And aside from rotating the sensor by 90 degrees, Motorola hasn’t done anything else to make this a better GoPro than any other phone with a wide-angle lens on the back. Unlike the main camera which can record 4K video, the action camera is limited to 1080p. You do have a choice of a 21:9 aspect ratio, as well as the usual 16:9 at 30- or 60fps.
There’s reasonably effective digital stabilisation, which is something you’re unlikely to find on wide-angle cameras on competing phones. However, you can get visually similar footage by recording video using the wide-angle camera in any other phone. You’ll just have to hold it sideways to get landscape footage that displays properly on a TV.
The actual footage from the action camera is decent, although you’ll easily notice the softness of the video when you’re moving compared to how sharp it is when standing still. Dynamic range isn’t wonderful, so you’ll see blown-out skies and a lack of detail in shadowy areas.
Audio is recorded clearly, though as with any phone, it can be hard to capture what people are saying unless they are really close to you.
The bottom line is that the One Action can shoot GoPro-style video, but it lacks the other features necessary to make it a proper substitute, mainly the ability to mount it to stuff so you can film hands-free.
The other cameras are decent enough – there’s a 12Mp main camera with a 5Mp depth sensor also on the back – but that doesn’t help with the headline feature isn’t exactly a knock-out..
If you want to take selfies, that camera which is surrounded by the display is also 12Mp and can record 4K video. It’s offers good quality when the conditions are right, including a portrait mode with adjustable blur – our example has maximum blur.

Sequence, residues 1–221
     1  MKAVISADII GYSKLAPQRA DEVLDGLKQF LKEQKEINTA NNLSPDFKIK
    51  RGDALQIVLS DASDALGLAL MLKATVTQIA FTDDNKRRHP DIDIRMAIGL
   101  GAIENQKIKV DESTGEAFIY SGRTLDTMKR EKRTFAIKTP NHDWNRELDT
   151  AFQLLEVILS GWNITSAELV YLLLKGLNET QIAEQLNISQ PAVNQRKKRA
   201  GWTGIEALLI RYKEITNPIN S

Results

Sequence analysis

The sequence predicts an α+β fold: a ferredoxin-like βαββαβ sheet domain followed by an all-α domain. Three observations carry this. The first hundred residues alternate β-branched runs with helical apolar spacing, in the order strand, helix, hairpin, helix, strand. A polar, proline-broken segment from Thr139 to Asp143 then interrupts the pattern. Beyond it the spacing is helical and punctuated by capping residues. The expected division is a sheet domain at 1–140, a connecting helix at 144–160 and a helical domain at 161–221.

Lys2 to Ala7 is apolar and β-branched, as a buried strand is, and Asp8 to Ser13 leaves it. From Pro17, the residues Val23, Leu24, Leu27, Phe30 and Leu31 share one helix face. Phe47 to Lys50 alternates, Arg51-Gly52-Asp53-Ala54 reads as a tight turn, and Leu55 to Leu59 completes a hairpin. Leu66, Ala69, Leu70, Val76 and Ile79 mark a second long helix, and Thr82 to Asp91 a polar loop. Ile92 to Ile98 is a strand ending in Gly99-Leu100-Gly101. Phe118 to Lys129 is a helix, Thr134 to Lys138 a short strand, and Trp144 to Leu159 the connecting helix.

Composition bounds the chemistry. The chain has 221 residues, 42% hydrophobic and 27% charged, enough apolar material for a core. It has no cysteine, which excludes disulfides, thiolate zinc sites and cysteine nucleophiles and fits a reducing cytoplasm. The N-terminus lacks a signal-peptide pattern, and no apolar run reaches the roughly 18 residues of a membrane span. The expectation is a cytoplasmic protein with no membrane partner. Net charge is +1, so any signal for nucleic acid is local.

As mentioned earlier, the One Action has a very tall screen. It’s 21:9 aspect ratio makes it wider than most other phones on the market. It means you can ditch the black bars on most films but otherwise the bars are there – pinch zooming to fill the screen means you’re chopping a lot off.
Even when they’re not, the embedded camera is something of a distraction as it’s a larger lens than more expensive examples like the S10.
It’s the same 6.3in IPS display that Motorola has used on the One Vision. It’s got a crisp Full HD+ resolution and offers an impressively high peak brightness of 370cd/m2 so you’ll be able to see what’s going on outdoors even in tricky conditions.
This is IPS rather than OLED but that’s to be expected at this almost budget price. And really the screen is still suitably punchy and vibrant.
Most Android phones use a Qualcomm Snapdragon processor but the One range opts for Samsung chips. The One Action has an Exynos 9609 – a 2.2GHz octa-core processor which is backed up by 4GB of RAM.
There’s a decent 128GB of storage, important when you’re going to be shooting a lot of video with this phone. And there’s a microSD card slot so you can put a further 512GB in as well.
This is the same setup as the One Vision so it’s no surprise to find that performance is identical. It’s impressive stuff overall, outpacing the more expensive (by RRP) Moto G7.